Autonomous vehicles will transform
more than transportation

The world of transportation is in flux as autonomous vehicles in all their iterations become part of the mainstream. While most people appreciate the ultimate impact on driving—sit back and enjoy the scenery while your car makes all the tough decisions—few people understand the state of this evolution or the wider impact from new technologies.
To capture a snapshot of the future implications, we asked Don Margolis, an automotive expert and MIT graduate who has researched and published in the field and is often tapped as an expert witness in related court cases. Here are some of his thoughts.

Q: Can you provide some historical perspective on the evolution of autonomous cars?

A: Self-driving cars have been under development since the 1980s. For example, a UC Davis prototype was demoed in 1985. Since that time, many inventors and entrepreneurs have joined in, which has helped ensure robust innovation.
Still, from my perspective, level 5 autonomy (full replacement of a human driver) is 50 years away. However, the Uber model threatens all manufacturers in that fewer cars are needed if any given car is used more efficiently. This is manufacturers’ primary concern now, but innovation is driving sales, as well. For example, driver assistance features will continue to be developed and people will become more and more reliant on these features. Maybe a generation of drivers is already here who do not look over their shoulders when changing lanes.

Q: How will the technological advances surrounding autonomous vehicles influence our day-to-day world—the automobile/trucking industries, the supply chain, traffic laws, our very infrastructure? Will roadways be safer?

A: While level 5 autonomy is a long way off, what is being done in automotive companies, and I have first-hand knowledge, is the development of more sophisticated driver assistance features. Long-haul trucks will probably be first in having a truck drive a long distance in a straight line without driver interference. But there will still be a driver so where is the savings? These systems are going to be hard to sell but there will be inroads. Governments and manufacturers are also collaborating, at various levels, to improve the overall driving experience. For example, there will be smart intersections where communications between the road and the cars will stagger the approach to the intersection allowing throughput increases. Based on current technology, I doubt the United States is going to be the leader in this development.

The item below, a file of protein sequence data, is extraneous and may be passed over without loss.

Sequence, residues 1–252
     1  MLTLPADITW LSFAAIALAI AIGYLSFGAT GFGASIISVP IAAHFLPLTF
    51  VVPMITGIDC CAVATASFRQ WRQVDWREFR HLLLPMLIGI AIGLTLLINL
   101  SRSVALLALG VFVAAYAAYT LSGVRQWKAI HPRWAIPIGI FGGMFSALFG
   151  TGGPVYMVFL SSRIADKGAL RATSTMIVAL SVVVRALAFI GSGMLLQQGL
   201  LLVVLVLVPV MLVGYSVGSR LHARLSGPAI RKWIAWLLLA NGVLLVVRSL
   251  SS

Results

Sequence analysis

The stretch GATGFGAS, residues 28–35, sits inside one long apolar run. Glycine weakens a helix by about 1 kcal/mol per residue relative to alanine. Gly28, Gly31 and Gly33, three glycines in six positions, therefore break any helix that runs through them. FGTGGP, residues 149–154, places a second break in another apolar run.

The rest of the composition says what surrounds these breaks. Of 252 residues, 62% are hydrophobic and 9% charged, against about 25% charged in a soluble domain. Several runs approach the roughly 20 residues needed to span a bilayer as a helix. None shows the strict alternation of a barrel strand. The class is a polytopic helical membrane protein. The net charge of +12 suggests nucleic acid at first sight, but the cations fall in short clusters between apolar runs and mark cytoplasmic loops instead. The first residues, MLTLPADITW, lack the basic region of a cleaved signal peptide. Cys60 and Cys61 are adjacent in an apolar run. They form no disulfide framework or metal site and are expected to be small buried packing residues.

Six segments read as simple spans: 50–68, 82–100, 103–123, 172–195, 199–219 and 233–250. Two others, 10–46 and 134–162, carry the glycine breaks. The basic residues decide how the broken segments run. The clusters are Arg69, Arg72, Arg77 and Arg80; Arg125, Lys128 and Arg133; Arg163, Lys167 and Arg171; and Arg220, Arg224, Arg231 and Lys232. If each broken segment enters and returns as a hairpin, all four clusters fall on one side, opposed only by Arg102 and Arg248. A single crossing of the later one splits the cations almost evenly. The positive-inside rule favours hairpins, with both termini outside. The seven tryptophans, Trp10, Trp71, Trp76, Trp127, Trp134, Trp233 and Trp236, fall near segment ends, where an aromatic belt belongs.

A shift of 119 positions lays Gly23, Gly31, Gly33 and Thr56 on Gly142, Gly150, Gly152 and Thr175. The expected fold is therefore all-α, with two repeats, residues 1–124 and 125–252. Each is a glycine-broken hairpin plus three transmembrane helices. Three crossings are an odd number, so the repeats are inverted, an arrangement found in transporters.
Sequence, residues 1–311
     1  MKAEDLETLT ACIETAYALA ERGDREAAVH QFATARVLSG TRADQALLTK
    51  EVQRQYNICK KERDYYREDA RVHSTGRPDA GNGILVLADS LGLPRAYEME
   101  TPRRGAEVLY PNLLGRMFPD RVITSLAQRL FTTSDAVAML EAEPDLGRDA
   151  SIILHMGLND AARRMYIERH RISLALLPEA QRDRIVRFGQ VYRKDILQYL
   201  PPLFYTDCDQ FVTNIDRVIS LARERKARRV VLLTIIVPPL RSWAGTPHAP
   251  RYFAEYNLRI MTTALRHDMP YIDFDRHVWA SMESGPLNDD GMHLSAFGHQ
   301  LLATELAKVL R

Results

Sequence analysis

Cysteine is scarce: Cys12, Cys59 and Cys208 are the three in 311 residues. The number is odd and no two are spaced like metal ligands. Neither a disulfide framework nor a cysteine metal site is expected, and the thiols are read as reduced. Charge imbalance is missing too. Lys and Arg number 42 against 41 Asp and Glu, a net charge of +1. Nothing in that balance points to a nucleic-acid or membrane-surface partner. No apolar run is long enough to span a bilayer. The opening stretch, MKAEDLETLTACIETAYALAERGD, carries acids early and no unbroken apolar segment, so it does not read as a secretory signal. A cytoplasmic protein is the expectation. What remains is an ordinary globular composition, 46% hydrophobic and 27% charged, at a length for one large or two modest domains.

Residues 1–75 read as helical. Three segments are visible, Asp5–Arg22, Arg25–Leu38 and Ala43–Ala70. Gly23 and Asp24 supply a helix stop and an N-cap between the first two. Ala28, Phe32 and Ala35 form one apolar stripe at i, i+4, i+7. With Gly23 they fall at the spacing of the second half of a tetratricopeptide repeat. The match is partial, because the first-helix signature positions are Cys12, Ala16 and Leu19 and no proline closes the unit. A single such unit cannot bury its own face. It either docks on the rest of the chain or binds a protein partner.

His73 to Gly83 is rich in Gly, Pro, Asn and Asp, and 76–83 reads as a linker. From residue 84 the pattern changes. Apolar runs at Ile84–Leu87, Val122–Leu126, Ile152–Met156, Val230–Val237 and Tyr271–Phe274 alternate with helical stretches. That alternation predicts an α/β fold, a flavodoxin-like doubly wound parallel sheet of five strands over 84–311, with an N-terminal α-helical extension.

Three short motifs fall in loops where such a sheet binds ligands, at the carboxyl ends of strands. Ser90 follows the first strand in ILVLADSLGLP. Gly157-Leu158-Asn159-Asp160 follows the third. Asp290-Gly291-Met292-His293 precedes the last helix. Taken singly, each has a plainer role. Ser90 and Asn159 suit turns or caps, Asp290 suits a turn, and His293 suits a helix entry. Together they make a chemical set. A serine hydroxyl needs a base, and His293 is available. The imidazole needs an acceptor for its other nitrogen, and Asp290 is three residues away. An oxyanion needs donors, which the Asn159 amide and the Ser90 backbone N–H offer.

From a safety perspective, I think the result will be safer roadways but there is long way to go.

Q: How should companies prepare? How can government strike a balance between enough regulation, for reasons of safety, and too much regulation, stifling innovation?

A: Companies are scrambling—trying to shoot at a fast-moving target. All automotive companies must invest in this unknown future in order to avoid being left behind in case it is successful. As a result, every manufacturer has invested in an, often expensive, effort in autonomy. Some do it in-house and others invest in startups.
Governments will always be behind in their input to this future. I don’t think governments will stifle innovation, but they will be behind in pursuing the infrastructure needed to support this future.

Q: What do “lots of players” mean from a patent litigation perspective within emerging technologies?